Apollo, no less a family member, was also affected by her untimely departure.

In those first few days following her passing, he seemed to look for her now and then, his energy level seemed to drop, and his appetite seemed to dissipate.

I got it, I figured. I was missing her too. Apollo therefore became the perfect agent through which I could channel my grief and up the ante in terms of caregiving.

But I may have been blinded by my own need for solace to recognize Apollo’s suffering.

NYE, when taking him out for a pee, he got spooked by the sound of some firecrackers in the neighbourhood and quickly retreated to the safety of our house. Not that we could blame him: as a rescue, we didn’t know his backstory so it’s hard to know what sounds and actions might trigger him.

His behaviour on New Year’s Day was also concerning. He didn’t have much of an appetite. He didn’t seem to have as much zest or fervour during his routine recreational walks. Sometimes we took him outside, and he had to be coaxed to go out. And if he did go out, he wouldn’t even pee.

We just assumed he was a little bit depressed. After all, we’re all still adjusting to life without Nikki.

But by 4 am Jan 2, Apollo took a turn for the worst.

Kyle, being 19 years old and on Christmas break from work, keeps a slightly different schedule than me and my husband. He’s up all hours of the night and sleeps all day - this lifestyle is made easier when you have a mom who is only too happy to babysit the pooch during the daylight hours.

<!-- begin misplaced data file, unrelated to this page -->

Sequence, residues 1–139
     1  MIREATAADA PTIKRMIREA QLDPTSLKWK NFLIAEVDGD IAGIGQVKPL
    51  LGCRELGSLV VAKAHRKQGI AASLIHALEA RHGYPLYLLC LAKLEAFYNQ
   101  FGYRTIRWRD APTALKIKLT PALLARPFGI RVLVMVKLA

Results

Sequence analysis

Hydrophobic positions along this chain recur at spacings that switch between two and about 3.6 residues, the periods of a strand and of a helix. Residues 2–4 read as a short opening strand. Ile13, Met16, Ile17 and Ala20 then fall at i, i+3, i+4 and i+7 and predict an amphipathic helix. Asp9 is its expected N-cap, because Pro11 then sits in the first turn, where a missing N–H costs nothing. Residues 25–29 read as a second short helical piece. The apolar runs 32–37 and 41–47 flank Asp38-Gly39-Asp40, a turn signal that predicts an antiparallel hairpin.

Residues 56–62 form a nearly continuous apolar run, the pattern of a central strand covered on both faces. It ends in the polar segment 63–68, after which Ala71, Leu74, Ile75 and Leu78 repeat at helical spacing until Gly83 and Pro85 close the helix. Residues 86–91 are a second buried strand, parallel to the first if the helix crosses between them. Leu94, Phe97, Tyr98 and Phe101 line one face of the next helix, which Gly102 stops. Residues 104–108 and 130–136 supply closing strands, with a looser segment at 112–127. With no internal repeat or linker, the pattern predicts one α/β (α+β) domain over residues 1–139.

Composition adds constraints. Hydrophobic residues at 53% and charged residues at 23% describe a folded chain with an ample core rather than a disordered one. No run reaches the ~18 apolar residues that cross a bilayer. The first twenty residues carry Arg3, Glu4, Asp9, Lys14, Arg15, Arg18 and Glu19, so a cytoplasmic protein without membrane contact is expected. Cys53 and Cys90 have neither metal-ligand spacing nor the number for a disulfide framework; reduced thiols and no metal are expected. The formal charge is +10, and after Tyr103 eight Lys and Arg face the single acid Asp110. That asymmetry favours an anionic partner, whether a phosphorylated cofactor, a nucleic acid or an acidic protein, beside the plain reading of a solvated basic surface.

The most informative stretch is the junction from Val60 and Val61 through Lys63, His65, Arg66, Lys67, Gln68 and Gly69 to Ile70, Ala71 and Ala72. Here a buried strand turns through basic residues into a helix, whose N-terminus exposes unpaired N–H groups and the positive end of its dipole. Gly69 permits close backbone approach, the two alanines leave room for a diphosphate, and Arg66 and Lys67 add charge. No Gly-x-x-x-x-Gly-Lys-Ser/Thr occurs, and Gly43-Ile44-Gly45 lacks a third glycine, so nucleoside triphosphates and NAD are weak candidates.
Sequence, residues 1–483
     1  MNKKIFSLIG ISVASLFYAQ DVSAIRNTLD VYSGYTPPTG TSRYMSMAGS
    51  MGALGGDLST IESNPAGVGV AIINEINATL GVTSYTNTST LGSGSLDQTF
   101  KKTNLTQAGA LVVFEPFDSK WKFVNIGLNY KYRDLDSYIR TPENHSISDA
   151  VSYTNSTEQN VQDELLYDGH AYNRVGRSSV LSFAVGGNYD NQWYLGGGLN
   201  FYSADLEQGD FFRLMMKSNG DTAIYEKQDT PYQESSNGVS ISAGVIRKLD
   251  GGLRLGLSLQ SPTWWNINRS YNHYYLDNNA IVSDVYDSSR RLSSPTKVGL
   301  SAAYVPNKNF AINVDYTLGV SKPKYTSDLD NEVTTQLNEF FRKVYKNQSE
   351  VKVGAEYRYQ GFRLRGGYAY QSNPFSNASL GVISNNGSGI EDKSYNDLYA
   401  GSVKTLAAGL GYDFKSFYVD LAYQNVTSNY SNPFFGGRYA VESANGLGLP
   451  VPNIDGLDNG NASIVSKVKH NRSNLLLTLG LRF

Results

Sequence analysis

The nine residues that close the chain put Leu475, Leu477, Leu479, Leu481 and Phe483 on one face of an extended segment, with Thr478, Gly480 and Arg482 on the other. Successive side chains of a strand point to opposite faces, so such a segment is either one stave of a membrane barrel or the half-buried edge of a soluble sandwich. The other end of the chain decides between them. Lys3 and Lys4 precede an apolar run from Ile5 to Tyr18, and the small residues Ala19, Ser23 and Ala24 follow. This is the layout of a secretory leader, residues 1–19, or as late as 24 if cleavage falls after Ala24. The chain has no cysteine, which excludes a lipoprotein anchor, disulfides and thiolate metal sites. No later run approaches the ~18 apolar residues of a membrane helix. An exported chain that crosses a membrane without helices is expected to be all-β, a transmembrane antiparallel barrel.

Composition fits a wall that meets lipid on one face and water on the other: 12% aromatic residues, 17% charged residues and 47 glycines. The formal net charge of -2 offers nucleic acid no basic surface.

But when Kyle woke me up at 4, I knew it wasn’t good.

“Mom… there’s something wrong with Apollo…”

I jumped right up.

Kyle had taken him outside… but rather than come back in, Apollo laid down on the grass, refusing to come back in. Although Kyle was able to coax him back onto the deck, Apollo once again laid down, staring off into space.

This was more than just a case of canine depression.

Something was horribly wrong.

Kyle called the vet hospital and I brushed my teeth. By 415, we were en route.

They took us into the same examination room in which we’d said goodbye to Nikki a mere 8 days earlier. I was numb. I felt like I was floating. They took him out back for X-rays and blood work. I tried to talk to Kyle but he’d only respond with “Mom… stop talking to me with that soft voice”.

Dealing with it in his own way and with no room or patience for his mother, I retreated within myself.

“Jeezus, surely to goodness we aren’t going through this again so soon after Nikki. Apollo isn’t even two years old. This isn’t right. This doesn’t make sense.” These were the thoughts that occupied my mind in an endless repetitive reel.